With the concept of "biopower", which first appears in courses concerning the discourse of "race struggle"( Society Must Be Defended 1975-1976 courses), Foucault uses terms such as mechanism, dispositif, apparatus, Discourse, Genealogy in order to get us to think (and write about) of this version of power as continuous, penetrable, observable as opposed to the classical argument seeing man as:"inherent primate disposition for hierarchical social and authoritarian political systems.With a predisposition for social and political hierarchical structures. This is the classic viewpoint on man and power,other studies show this as too overly simplistic or over hasty and there is no universal agreement or consensus on what 'human nature' is or what it is supposed to be contrary to the classical view which views human nature as a continuum through time.Other research methods show Foucault's evidence as having sound basis towards Foucault's alleged minority or 'Utopian' 'unconventional' view

..."So the other half of Somit and Peterson's half-truth amounts to this: Although we may have a deep evolutionary legacy of behavioral proclivities and biases, these are complex in nature and are ultimately of less importance in understanding the interplay of authoritarianism and democracy in today's world than are the many cultural influences -- from child-rearing practices to "socialization", peer pressures, social customs, the political culture, the mass media, economic conditions, institutional protections, and, not least, the "power" resources and decision "calculus" of both the rulers and the ruled.So what's wrong with Somit and Peterson's argument? If their thesis about human nature and hierarchies may have some merit, then what's missing from this picture?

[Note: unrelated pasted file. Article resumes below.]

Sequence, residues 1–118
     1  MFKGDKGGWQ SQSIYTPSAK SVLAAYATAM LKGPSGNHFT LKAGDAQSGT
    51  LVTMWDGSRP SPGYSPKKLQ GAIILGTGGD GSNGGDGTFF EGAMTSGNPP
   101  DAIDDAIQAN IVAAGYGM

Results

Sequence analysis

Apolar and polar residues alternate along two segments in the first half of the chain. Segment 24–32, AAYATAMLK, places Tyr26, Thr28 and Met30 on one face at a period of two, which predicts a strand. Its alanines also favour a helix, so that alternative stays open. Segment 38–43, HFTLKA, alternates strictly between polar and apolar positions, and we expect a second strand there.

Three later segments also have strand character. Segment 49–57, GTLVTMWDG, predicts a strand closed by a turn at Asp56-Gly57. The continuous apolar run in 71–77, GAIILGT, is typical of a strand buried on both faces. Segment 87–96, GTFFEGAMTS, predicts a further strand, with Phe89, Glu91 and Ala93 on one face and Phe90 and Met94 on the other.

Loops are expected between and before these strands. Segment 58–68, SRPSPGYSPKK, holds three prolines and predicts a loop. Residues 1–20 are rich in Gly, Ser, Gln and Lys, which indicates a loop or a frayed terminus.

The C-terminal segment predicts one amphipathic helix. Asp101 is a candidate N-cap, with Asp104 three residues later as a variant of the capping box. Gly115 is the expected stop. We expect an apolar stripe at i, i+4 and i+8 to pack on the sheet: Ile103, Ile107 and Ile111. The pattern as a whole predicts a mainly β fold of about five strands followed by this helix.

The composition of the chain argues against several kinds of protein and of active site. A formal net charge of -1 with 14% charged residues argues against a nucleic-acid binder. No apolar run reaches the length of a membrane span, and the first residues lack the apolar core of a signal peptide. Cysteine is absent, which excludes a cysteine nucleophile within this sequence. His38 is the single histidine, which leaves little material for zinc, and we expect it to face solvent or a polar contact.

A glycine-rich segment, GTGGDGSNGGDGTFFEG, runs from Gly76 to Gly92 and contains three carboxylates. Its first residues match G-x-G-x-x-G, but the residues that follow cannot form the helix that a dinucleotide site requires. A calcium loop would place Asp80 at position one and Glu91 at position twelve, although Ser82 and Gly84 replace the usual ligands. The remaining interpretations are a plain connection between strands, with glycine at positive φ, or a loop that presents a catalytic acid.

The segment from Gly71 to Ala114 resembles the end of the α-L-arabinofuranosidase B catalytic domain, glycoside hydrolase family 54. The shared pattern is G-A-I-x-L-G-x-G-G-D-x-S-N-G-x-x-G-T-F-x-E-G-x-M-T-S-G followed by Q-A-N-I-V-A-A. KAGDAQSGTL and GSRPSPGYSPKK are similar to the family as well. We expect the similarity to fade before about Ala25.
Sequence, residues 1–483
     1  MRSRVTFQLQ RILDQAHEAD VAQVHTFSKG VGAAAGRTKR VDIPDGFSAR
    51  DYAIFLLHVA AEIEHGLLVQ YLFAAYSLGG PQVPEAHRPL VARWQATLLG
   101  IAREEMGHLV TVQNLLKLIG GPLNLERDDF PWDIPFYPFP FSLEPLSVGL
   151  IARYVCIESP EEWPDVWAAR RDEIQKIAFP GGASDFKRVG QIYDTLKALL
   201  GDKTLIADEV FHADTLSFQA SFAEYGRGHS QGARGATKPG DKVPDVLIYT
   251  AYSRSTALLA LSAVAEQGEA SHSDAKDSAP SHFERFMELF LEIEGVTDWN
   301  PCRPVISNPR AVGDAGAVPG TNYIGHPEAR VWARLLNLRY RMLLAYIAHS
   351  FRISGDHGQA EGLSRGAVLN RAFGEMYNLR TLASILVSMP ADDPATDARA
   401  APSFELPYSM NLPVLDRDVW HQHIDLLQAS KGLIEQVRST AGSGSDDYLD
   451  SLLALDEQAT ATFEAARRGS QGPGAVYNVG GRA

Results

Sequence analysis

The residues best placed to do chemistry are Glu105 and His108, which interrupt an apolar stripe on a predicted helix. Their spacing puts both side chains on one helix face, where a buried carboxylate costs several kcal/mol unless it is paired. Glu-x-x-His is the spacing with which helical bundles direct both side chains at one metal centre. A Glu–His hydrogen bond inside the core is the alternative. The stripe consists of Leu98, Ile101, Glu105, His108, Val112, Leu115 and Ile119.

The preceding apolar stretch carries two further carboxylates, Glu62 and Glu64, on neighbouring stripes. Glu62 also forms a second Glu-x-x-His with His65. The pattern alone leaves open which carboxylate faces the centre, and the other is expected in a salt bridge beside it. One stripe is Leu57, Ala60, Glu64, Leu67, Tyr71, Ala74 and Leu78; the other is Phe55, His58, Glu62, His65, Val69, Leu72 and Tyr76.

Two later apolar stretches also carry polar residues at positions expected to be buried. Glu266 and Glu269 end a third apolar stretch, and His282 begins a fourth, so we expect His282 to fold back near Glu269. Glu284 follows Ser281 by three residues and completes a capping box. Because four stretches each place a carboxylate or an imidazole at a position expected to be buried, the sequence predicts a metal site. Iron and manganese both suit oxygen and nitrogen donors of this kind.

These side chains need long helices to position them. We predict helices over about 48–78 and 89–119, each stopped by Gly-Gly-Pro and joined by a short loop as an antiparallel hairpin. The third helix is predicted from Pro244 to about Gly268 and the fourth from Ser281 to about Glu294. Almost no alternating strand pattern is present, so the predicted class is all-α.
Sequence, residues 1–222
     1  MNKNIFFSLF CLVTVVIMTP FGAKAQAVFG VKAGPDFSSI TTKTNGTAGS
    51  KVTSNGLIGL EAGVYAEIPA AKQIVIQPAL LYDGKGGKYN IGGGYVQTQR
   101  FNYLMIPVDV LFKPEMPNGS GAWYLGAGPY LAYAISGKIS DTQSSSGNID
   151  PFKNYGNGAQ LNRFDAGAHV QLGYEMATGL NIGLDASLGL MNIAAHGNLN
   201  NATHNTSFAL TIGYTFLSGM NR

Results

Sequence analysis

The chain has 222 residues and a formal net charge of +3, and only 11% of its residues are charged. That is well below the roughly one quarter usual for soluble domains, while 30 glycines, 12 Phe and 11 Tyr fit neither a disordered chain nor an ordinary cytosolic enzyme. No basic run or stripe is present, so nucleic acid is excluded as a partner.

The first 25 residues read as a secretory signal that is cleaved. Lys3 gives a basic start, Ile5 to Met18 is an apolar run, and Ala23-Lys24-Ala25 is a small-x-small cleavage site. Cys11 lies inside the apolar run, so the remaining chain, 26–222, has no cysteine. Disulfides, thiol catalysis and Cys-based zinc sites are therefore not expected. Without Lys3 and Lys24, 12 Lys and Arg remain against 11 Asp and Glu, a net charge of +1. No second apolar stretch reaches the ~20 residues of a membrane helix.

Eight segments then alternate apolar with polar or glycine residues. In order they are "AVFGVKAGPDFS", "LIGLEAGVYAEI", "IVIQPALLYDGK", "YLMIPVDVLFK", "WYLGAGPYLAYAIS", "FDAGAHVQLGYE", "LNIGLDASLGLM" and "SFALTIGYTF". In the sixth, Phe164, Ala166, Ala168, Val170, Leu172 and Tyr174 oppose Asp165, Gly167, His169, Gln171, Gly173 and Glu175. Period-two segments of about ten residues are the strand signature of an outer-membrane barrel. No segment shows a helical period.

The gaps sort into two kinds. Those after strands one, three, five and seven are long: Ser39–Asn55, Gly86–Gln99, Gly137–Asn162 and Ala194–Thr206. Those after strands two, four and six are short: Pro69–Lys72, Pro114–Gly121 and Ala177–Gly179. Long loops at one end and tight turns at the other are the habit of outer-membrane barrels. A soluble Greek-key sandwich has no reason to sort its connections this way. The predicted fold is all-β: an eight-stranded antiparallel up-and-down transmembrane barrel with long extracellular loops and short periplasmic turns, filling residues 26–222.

In a nutshell, what is missing are (1) some other, countervailing elements of human nature, and (2) a more adequate conception of the role of "nurture" in political life. Somit and Peterson acknowledge the importance of an "interaction" between nature and nurture; it's the party-line among sociobiologists these days. But they reduce nurture to the truncated concept of "indoctrinability" -- which implies, perhaps unwittingly, a biological susceptibility to external manipulation by political operatives (or perhaps political science professors). In reality, "nurture" is a large and complicated domain that has many dimensions and plays a far more potent role in shaping human societies than Somit and Peterson suggest. Moreover, nurture is also a part of human nature -- a part of our evolved biological heritage -- although its precise content is obviously highly variable.

To begin at the beginning, our hominid ancestors diverged from the rest of the primate line more than five million years ago, and we have undergone a radical psychological make-over since then. Our primate instincts are overlain with a large, calculating ("Machiavellian") neo-cortex, as well as a greatly intensified degree of sociality -- propensities for social cooperation, sensitivity to social "approbation" (in Darwin's term) and even ethical sensibilities -- that are also biologically-grounded. As a rule, humans are neither exclusively competitive and hierarchical nor egalitarian and cooperative but an inextricable admixture of both. Moreover, the precise mix depends upon the context, including the influence of biologically-based personality differences -- which makes any gross generalizations about human nature extremely slippery"....